Let $X$ be a compact Hausdorff space and let $M(X)$ denote the space of signed measures that is naturally dual to $C(X)$, the space of continuous functions on $X$. I am interested whether the following condition:

$$\nu_n(O) \to \nu(O)$$

for every open set $O\subset K$ is sufficient for weak* convergence of $\nu_n$ to $\nu$, at least when $X$ is zero-dimensional but not necessarily metrizable. Thank you.

  • $\begingroup$ By the outter regularity, this condition implies that $\nu_n$ is strongly convergent to $\nu$, doesn't it? $\endgroup$ – André Porto Oct 21 '18 at 15:33
  • $\begingroup$ @AndréPorto, mustn't we have $\sup_O |\nu_n(O) - \nu(O)|\to 0$ for strong convergence? $\endgroup$ – user3522356 Oct 21 '18 at 15:34
  • $\begingroup$ So, my answer lacks some arguments, so I deleted it. It is true for positive measures, though. But I don't know for signed measures $\endgroup$ – André Porto Oct 21 '18 at 16:35
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    $\begingroup$ This is essentially the same as asking if this condition implies that $\nu_n$ is bounded, that is, $\sup |\nu_n|(X)<\infty$, since the claim is almost trivial in that case ("see" my failed attempt at an answer), and obviously this boundedness is necessary for weak $*$ convergence. $\endgroup$ – Christian Remling Oct 21 '18 at 18:14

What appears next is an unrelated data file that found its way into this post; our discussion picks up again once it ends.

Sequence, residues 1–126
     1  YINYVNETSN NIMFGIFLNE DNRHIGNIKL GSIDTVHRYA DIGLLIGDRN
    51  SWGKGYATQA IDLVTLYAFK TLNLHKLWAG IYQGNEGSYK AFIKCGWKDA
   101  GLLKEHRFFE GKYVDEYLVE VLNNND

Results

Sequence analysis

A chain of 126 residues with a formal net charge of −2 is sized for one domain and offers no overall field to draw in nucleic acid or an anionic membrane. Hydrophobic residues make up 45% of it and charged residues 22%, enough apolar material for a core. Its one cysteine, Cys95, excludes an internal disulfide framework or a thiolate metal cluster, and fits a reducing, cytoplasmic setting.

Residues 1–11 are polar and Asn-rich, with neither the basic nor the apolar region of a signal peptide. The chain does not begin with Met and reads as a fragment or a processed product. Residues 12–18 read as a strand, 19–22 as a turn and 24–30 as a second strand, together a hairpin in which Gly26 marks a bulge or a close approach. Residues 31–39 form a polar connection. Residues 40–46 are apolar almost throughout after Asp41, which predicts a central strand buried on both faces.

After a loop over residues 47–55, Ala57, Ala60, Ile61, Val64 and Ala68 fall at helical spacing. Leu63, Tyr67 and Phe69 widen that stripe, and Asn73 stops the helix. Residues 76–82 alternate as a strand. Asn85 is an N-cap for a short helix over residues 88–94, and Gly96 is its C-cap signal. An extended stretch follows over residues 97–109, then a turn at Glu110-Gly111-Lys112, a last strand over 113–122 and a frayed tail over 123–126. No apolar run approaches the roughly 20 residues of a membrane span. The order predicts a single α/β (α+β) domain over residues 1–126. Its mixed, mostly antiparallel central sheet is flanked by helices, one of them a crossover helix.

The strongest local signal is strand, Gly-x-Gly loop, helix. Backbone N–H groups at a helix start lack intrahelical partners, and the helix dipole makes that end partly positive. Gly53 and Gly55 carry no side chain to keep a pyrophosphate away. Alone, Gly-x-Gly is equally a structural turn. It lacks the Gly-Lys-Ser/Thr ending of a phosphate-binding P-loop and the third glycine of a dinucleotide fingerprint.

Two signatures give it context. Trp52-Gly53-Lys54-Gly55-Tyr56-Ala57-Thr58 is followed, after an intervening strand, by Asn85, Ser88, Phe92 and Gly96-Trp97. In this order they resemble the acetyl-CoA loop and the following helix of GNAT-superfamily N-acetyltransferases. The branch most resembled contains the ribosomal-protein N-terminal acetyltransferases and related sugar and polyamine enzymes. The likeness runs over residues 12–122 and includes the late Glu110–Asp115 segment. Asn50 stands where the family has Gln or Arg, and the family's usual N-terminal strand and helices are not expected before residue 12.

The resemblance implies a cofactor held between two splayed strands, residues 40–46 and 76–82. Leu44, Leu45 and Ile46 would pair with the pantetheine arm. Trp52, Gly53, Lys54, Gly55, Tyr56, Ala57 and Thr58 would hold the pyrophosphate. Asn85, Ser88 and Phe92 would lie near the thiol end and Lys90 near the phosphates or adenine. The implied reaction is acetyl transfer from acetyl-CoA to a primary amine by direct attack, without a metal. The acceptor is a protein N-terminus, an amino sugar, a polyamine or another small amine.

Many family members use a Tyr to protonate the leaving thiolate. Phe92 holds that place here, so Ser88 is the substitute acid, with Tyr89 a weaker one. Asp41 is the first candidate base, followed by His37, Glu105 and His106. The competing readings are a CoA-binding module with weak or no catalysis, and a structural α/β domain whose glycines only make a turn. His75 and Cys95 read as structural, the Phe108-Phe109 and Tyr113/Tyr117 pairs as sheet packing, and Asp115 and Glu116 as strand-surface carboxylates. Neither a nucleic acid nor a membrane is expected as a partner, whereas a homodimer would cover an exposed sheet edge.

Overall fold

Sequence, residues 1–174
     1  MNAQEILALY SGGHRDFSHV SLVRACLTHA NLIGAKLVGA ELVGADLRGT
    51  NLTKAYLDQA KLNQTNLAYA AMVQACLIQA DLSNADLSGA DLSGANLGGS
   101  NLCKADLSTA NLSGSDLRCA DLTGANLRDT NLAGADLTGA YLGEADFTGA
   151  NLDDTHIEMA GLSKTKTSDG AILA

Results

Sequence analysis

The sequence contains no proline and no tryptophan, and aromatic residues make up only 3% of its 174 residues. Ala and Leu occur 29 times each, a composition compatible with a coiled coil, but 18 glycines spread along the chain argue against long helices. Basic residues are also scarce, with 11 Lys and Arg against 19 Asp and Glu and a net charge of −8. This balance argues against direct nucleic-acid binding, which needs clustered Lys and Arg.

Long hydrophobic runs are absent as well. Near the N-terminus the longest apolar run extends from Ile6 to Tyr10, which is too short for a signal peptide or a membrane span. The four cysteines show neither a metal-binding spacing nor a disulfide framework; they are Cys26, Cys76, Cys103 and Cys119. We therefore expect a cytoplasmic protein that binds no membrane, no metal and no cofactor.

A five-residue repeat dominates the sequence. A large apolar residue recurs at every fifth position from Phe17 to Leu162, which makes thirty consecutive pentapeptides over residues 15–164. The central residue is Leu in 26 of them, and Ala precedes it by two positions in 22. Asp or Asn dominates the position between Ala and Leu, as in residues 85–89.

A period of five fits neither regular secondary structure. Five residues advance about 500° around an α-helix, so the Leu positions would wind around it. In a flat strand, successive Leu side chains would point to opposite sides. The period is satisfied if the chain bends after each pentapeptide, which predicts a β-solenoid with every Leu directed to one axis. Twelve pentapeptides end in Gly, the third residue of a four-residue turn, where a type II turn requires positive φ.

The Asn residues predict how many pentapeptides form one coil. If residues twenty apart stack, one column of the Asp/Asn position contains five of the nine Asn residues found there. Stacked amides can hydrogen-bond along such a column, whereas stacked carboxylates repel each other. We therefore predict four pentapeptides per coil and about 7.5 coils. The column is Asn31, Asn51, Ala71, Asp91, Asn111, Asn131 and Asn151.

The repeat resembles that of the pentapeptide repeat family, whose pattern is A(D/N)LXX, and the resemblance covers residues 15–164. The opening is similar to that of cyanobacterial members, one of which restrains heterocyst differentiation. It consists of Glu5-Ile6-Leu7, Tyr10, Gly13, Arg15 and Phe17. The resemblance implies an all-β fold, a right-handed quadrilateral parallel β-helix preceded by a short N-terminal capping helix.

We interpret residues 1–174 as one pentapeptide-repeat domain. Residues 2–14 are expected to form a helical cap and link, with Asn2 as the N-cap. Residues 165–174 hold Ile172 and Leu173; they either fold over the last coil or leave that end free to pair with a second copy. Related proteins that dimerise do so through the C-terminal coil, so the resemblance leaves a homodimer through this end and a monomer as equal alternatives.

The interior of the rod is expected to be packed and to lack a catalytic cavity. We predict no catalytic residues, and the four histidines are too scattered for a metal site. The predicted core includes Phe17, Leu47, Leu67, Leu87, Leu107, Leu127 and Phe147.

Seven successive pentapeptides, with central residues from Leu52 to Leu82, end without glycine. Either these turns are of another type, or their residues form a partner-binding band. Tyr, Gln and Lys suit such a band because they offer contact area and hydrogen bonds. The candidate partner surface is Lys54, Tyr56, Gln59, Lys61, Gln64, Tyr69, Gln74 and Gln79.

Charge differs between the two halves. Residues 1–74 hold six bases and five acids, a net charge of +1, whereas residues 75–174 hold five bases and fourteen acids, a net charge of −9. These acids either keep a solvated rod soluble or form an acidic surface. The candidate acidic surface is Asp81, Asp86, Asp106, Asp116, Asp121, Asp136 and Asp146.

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    $\begingroup$ To illustrate why this is tricky, the following non-example is interesting. Let $X = \mathbb{N} \cup \{\infty\}$, and let $\nu_n = n(\delta_{n+1} - \delta_n)$ with $\nu = 0$. This sequence doesn't converge weakly. It doesn't satisfy the hypothesis either - take $O$ to be the set of odd integers - but it is not so clear how to "produce" that set. $\endgroup$ – Nate Eldredge Oct 21 '18 at 18:33

The answer is positive if the sequence $(\nu_n)$ is bounded; please see Theorem IV.9.15 in Dunford/Schwartz, vol. 1. PS: I just notice that this was already observed by Christian a couple of minutes ago.


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